We live in a world today where we could circle the Earth twelve times with the amount of K-cups we throw away each year and where 40% of food in the U.S. goes to waste. We buy $5.99 shirts at big box retailers just because they’re on the sale rack, only to throw them away after they fray or shrink after one wash. 

We also live in a world where 50% of Americans have more debt than savings and yet, we continue to spend.  

Where’s our breaking point? At what point do we - as an individual, community, and nation - stop, re-evaluate, and adjust our habits to one of wastefulness to one of mindfulness? 


I think Intentional Solutions says it best: 

“Conscious consumerism is a movement to revolutionize what we buy, why we buy it and from whom. It inspires a curiosity about the origins of the goods we consume, and a commitment to ensuring those purchases support sustainable life.”

Conscious consumerism is being thoughtful about your purchases. It’s about understanding where your products come from and who created them. It’s about only buying what you need and taking the time to share, donate, or resell the things you have that you no longer need. 

Conscious consumerism is about buying repurposed products rather than those made with virgin materials. It’s about supporting your local shop owners, farmers, and artisans. It’s the simple things, like using old newspaper to wrap a gift bag than buying new tissue paper that gets thrown after one use. At the end of the day, conscious consumerism is knowing that you are leaving a positive mark on people and the planet with every thoughtful purchase you make.

Five simple ways to become a more conscious consumer right now.

Regardless of your budget, your schedule, or your lifestyle, there are a few things we can all do right now to become more conscious consumers. Some of these steps might be small, but imagine if we all tried this? Imagine what all these small changes could add up to!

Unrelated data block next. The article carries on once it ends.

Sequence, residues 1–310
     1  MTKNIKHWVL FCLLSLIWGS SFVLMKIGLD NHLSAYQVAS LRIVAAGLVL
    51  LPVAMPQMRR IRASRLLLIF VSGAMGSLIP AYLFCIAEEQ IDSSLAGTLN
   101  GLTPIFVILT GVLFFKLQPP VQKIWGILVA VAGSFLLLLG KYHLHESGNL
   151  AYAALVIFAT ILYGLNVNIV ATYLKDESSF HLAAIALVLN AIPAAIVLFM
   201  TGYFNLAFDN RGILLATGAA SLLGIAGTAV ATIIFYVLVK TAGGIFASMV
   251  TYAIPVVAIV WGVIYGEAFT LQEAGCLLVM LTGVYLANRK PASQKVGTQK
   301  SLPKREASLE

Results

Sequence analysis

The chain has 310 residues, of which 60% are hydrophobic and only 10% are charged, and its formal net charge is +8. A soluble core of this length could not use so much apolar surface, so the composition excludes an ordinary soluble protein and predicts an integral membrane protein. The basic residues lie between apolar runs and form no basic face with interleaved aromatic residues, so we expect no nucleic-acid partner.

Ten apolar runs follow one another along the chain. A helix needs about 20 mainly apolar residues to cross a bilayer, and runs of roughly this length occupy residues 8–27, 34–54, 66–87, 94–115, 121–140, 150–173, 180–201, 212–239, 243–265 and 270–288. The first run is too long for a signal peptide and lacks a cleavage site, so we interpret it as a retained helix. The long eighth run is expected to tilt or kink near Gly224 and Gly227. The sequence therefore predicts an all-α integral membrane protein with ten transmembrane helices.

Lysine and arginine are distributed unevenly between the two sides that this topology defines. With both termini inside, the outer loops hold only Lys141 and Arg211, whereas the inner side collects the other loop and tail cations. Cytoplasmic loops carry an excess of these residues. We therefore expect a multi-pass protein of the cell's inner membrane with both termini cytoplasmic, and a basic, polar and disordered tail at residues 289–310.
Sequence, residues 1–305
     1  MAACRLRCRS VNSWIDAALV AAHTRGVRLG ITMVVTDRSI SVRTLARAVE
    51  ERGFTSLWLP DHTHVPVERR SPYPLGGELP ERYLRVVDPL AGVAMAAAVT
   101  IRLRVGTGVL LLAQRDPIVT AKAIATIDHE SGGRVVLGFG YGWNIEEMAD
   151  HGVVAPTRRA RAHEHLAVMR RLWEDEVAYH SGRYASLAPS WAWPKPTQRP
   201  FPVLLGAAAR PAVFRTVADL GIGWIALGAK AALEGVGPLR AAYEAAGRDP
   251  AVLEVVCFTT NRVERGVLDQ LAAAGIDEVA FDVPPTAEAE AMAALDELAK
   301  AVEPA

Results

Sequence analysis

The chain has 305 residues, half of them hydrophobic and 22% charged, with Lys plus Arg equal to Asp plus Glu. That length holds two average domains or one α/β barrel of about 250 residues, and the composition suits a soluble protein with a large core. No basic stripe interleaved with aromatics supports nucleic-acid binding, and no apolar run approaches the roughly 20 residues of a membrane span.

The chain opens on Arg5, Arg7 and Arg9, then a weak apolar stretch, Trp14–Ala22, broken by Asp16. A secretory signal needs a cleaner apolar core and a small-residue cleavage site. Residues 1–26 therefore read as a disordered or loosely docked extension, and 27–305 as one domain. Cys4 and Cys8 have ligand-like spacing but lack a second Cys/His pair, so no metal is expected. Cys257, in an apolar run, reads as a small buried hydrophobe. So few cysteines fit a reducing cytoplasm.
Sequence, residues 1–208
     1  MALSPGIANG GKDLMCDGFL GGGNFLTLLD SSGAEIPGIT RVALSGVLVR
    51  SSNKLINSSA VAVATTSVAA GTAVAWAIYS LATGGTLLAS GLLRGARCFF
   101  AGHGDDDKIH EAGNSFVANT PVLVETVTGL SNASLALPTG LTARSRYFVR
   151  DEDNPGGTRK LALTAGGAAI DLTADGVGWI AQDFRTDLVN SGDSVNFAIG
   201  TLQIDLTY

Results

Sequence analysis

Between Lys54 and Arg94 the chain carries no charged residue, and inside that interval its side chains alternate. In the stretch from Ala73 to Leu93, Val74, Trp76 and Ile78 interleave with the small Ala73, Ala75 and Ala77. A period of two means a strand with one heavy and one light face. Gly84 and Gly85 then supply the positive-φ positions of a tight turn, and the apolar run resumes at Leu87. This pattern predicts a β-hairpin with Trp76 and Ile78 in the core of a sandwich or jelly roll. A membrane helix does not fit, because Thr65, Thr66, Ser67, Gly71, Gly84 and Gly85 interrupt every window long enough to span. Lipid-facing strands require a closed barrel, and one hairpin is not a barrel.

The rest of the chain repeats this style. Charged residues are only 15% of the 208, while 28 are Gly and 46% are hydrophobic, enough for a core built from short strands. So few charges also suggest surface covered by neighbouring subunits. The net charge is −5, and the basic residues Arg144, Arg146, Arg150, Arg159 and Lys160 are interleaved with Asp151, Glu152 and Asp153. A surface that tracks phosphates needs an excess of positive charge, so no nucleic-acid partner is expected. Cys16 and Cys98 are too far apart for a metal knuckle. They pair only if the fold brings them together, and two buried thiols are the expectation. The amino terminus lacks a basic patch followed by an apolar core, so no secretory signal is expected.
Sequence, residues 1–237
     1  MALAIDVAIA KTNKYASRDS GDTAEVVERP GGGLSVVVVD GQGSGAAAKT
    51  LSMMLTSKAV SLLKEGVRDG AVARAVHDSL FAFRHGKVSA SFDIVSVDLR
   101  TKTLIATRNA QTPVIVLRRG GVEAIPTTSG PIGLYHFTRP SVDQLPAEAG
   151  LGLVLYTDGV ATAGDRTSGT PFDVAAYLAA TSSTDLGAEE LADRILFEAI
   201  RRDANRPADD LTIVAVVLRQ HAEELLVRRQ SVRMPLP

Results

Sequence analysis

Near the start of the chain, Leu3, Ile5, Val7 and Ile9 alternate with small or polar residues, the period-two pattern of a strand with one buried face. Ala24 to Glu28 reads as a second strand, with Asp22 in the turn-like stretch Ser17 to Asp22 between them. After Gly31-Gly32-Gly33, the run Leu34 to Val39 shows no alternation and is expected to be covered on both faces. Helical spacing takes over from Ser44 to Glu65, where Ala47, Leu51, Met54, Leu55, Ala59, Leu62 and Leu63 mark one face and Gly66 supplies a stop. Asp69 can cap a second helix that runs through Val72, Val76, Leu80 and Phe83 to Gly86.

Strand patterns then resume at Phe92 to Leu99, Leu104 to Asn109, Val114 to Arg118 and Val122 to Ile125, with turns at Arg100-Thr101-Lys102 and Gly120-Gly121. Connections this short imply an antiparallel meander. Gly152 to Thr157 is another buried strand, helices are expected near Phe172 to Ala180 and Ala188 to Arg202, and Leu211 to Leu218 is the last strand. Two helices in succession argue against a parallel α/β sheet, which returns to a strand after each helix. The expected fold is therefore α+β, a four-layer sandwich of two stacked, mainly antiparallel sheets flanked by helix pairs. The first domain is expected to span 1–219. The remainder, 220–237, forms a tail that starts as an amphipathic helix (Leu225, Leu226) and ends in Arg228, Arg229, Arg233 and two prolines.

1. During your next closet clean out, ask yourself  if there is a way for you to repurpose each item you plan to toss (like using old t-shirts for cleaning rags). 

For items that you can’t repurpose, donate or resell (try Plato’s Closet or your local consignment) instead.  Or, have some fun with your next closet cleanout. My girlfriends and I coordinate an annual closet clean out, then bring all of our clothes together for a clothes exchange and girls’ night out. Anything not taken home gets donated to our local Women’s League.  

2. Opt for the farmers market or your local co-op for your next produce run. 

Some of the items are more expensive than what you’ll find at your grocery chains, so start small if your budget is tight. Buying only what we really need will help cut down on all that food waste we’re accustomed to. Also, just because a fruit or vegetable doesn’t look perfect, doesn’t mean it’s bad! Keep that in mind before tossing that bruised banana or peach.

3. Buy your next outfit at your local boutique or thrift store instead of a big box retailer. 

You might be surprised at how affordable these stores are compared to what you’re used to at the mall. And, you’re likely to find higher-quality items that will last you more than one wash. Or, you could opt to rent clothes from online stores like Rent the Runway and Mud Jeans (more on them here). 

4. Round up friends for a little DIY for your next home decorating project.

Though it takes a little more labor and love, there is no better feeling than seeing your own hard work on display in your home. The next time the redecoration bug hits, call up your friends and hit local garage sales or thrift stores to find treasures that you can repurpose for your own home. Pinterest, anyone? 

5. Always carry reusable bags in your car or in your bag.

We’ve all experienced last-minute trips to the grocery store or Target. Always be prepared by keeping reusable tote bags in the back of your vehicle. If you travel sans car, you can find bite-size totes that fold up and fit perfectly in a purse or laptop bag. Think about all the bags you’d save! 

Small steps can add up to big changes if we each do our part. And for those of you who already practice conscious consumerism, let us know in the comments how you do it!